Blog Post

Conflict Continues to Drive Food Crisis in Congo

Forty percent of the population of the Democratic Republic of Congo (DRC) is currently facing IPC Phase 3 (Crisis) or above food insecurity, according to a new IPC country report. Continuing conflict, extreme weather events and other natural disasters, and displacement of large swathes of the population have all contributed to protracted food insecurity in the country.

A similar FEWS Net report cites that nearly 7.2 million people in DRC have been displaced since the country’s ongoing conflict worsened in 2023. In the eastern regions, where violent clashes have escalated in recent months, June harvests were disrupted, resulting in deteriorating household food supplies. Many households, particularly those displaced by the fighting, are likely to remain in IPC Phase 3 or IPC Phase (Emergency) food insecurity.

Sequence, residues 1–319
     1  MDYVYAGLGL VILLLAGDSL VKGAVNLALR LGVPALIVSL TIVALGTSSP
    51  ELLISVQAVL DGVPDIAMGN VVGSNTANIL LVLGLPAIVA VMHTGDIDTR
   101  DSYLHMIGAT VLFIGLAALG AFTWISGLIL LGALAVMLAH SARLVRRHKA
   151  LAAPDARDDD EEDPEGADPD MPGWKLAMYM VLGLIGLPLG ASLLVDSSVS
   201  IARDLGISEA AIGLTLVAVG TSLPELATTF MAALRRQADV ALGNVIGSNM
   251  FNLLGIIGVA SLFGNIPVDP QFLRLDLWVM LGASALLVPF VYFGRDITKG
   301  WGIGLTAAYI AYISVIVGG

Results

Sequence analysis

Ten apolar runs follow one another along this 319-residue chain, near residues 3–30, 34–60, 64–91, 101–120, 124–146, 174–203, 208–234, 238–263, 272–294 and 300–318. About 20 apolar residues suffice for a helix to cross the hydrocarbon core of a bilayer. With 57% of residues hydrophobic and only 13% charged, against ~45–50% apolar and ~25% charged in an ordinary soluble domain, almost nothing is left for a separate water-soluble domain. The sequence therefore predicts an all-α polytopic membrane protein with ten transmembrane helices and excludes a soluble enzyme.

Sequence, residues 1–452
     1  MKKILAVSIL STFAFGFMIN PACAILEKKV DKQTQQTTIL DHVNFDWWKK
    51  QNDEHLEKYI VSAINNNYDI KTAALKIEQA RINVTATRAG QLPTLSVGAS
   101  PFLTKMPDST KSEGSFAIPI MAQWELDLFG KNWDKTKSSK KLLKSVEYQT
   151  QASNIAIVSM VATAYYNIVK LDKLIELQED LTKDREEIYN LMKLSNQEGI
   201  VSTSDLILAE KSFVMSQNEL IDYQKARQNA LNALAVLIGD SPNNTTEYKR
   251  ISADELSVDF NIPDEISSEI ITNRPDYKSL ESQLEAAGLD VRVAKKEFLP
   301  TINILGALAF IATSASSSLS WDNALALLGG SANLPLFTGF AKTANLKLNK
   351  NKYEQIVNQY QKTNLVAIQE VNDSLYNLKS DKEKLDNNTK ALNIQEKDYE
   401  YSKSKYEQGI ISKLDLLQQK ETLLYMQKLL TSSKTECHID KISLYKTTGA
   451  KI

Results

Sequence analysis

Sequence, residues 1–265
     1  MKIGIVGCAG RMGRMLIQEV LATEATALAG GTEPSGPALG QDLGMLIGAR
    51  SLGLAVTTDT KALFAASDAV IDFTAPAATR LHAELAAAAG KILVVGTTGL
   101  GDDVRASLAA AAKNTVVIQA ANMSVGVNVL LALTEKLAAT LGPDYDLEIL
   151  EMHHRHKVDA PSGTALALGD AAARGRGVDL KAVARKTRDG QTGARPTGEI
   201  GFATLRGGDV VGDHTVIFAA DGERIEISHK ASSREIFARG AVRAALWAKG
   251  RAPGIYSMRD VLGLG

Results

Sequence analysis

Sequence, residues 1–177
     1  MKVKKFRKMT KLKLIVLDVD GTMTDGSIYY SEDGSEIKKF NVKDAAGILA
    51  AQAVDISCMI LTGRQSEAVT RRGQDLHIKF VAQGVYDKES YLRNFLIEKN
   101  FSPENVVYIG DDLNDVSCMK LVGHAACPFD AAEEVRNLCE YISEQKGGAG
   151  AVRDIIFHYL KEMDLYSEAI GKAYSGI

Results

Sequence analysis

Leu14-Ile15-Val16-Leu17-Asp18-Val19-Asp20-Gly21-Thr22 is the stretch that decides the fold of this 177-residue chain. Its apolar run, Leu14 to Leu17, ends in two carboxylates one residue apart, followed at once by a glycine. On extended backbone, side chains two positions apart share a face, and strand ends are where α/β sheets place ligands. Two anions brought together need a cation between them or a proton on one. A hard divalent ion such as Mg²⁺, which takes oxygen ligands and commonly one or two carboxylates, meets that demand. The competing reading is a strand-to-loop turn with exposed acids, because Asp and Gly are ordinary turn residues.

Flooding and resulting landslides in various regions of the country have also damaged crops and infrastructure, further hampering trade and food systems. Agricultural productivity within the country has fallen, with limited access to needed agricultural inputs and reduced staple food production. Food prices in many local markets remain abnormally high as a result, leaving even more households at risk of higher food insecurity. In Kinshasa markets, local yellow maize prices rose 7 percent above their May 2023 levels, while the price of imported rice was up by 22 percent. IPC reports that these recurring natural disasters have also limited households’ access to clean water, electricity, and health services.

Structural challenges are further exacerbating the crisis, including a weak regulatory environment and depreciation of the local currency. As household purchasing power is further reduced by macroeconomic factors, poverty and chronic food insecurity are likely to spread even more throughout the country.


Sara Gustafson is a freelance communications consultant.